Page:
Shanghai resident Yann Zhang has been looking for a way out of China for months.
“I don’t see when these pandemic measures based on the ‘COVID-zero’ concept will stop and I will feel scared and anxious every day,” the 29-year-old told the ABC.
“Society feels increasingly tense. Censorship has intensified, with [social media] deleted messages and blocked accounts very often.
“All of this is eroding young people’s faith in a better future.
Mr. Zhang is one of a growing number of young Chinese unhappy with the country’s direction and seeking a way out.
Online, the move has been tagged “run xue” or “run philosophy“.
“My neighbors have also started discussing the philosophy of the race. Everyone wants to run away,” said one Weibo user.
“It’s no surprise that the racing philosophy is so popular,” said another.
“At the very least, those from other countries can leave as a normal human being.”
Two Australian migration officers told the ABC that the number of applications from Chinese clients had more than doubled since April, with the majority coming from Shanghai.
Kirk Yan, a Melbourne-based immigration officer, said he receives “between 200 and 300 immigration applications from China” a month.
At this time last year, he was getting about 100 a month.
“A third of them come from Shanghai, followed by Beijing and Shenzhen,” Yan said.
“A good number of them are skilled migrants between the ages of 25 and 35 who don’t have families,” he said, adding that many were tech professionals.
Mr Zhang said he wanted to move to a country that was more livable and easier to obtain residency, and Australia fit the bill.
However, he said he feared China was making it more difficult for citizens to leave the country.
A spokesperson for China’s National Bureau of Immigration this week warned individuals to avoid “non-essential” and “non-emergency” travel, as international travel always carries “high risk and uncertainty”.
The government also said it would continue to “tighten the approval and issuance of travel documents”, including passports.
Mr. Zhang said he was anxious because his passport was due to expire in a year.
“My current plan is to leave next year, so I have a year to prepare,” he said.
Loss of young talent is ‘biggest threat’ to China’s economic future
Shanghai has been under varying levels of restrictions, including a full lockdown, since late March.
While local authorities said earlier this month that restrictions in some areas would be eased, residents were still required to stay in their neighborhoods and could only travel for groceries or medical services.
Meanwhile in Beijing, six of the most populated neighborhoods have been told to work from home, and restaurants have shut down food services to limit the spread of an outbreak there.
A spokesperson for China’s National Health Commission said that to “detect potential risks earlier”, the government plans to build more testing stations in major Chinese cities so that everyone has one “at less than 15 minutes walk.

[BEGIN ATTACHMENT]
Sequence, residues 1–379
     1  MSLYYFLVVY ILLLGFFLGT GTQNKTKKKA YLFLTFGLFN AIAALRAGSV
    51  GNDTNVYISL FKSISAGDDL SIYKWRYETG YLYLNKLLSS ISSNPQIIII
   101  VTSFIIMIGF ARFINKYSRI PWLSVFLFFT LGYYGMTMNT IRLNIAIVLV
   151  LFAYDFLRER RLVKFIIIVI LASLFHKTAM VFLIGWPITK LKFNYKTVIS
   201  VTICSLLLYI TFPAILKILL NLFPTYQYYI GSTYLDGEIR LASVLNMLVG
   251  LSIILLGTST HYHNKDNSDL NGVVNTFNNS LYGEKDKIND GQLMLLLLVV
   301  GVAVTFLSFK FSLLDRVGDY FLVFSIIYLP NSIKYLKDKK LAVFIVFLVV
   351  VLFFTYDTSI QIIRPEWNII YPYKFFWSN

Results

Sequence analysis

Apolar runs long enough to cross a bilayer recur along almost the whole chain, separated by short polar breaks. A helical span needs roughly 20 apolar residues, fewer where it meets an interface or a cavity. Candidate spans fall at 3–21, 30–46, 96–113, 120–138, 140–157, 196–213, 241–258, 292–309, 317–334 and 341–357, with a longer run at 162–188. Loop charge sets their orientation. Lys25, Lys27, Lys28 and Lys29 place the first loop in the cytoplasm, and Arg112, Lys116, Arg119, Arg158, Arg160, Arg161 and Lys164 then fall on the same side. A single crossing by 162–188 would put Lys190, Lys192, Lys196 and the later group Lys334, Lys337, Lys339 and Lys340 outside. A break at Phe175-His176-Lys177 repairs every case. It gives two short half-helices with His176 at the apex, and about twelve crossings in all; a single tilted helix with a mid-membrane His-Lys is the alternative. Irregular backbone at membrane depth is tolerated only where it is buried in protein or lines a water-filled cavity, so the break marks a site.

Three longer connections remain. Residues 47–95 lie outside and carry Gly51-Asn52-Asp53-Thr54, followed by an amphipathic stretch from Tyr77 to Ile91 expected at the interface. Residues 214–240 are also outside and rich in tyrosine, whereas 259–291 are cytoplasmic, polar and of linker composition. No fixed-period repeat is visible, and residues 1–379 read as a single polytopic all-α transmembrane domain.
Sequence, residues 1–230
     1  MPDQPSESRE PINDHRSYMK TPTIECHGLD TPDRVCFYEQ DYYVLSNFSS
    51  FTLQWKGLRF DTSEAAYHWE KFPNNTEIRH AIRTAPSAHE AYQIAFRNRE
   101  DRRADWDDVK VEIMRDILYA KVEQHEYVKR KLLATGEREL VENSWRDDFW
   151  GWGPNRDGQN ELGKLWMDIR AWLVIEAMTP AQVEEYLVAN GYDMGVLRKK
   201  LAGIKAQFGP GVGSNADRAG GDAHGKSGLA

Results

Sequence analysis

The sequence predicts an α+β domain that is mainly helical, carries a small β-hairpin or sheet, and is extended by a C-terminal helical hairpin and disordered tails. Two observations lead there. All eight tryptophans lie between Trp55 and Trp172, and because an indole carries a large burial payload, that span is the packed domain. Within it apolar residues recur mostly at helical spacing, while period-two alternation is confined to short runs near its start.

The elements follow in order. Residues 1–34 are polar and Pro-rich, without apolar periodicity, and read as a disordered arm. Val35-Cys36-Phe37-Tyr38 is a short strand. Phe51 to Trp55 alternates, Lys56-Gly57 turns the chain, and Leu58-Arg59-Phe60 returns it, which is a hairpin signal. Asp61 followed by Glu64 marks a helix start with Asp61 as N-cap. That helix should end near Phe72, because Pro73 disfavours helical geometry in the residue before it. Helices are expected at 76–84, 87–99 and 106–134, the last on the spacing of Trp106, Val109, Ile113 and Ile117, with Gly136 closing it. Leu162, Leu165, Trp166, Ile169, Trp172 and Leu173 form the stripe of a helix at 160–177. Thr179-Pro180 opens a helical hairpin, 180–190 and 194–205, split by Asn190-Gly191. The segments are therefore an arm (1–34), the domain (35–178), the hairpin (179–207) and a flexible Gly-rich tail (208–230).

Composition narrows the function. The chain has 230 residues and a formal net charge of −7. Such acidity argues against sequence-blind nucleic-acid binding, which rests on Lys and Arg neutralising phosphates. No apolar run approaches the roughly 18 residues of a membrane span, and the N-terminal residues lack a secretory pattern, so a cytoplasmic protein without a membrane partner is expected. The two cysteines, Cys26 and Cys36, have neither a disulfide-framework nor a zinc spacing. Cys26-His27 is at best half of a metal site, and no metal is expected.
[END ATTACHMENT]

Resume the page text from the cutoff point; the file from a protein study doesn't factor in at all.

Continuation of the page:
The authority also plans to build more quarantine facilities across the country, sparking speculation on social media that the COVID-zero approach is not ending anytime soon.
The lockdown in Shanghai, one of China’s most important economic centers, appears to be having a significant impact on the national economy.
State media Guancha reported earlier this month that only 23.1% of the 10 million recent college graduates had found jobs.
This compares to a rate of more than 90% in 2020, according to data from the Ministry of Education.
Meanwhile, the National Bureau of Statistics this month reported an 11.1% drop in retail sales from a year ago.
Shi Heling, from Monash University’s economics department, said many Chinese are “struggling with their basic living needs”.
“The COVID-zero policy is a very heavy blow to the Chinese economy,” he said.
Dr Shi said the loss of such talent was “the biggest threat to China’s long-term economic development”.
Chinese President Xi Jinping has made it clear that the country will maintain the COVID-zero policy and “resolutely fight against all distortions, doubts and denials”.
But Dr Shi said continuing to isolate himself from the rest of the world would likely provoke even more anger in Chinese society.
“I think the Chinese government should also take this into account,” he said.
“Otherwise, it will lead to a series of social problems.”
How could an exodus from China affect Australia?
With Australian workers benefiting from historically low unemployment, the loss of China could be good for the Australian economy, according to Dr Shi.
The unemployment rate, at 3.9%, is Australia’s lowest since 1974.
“From Australia’s perspective, there is a significant labor shortage, and the biggest challenge for people running businesses is that they can’t find staff,” he said. Dr Shi.
“Therefore, this influx of Chinese migrants will undoubtedly bring new workers into the Australian labor market, which will be very helpful to the Australian economy.”
One of the Australian employers struggling to find workers is John McVicker, owner of Sydney computer engineering firm Best Technology Service.
Mr McVicker said that in 20 years in business he had never had so much trouble finding workers.
“It’s getting harder and harder to find experienced IT professionals.”
He said more skilled migrants would “certainly help”.
“It is the shortage of skilled migrants during COVID that I believe has created, or at the very least exacerbated this situation,” he said.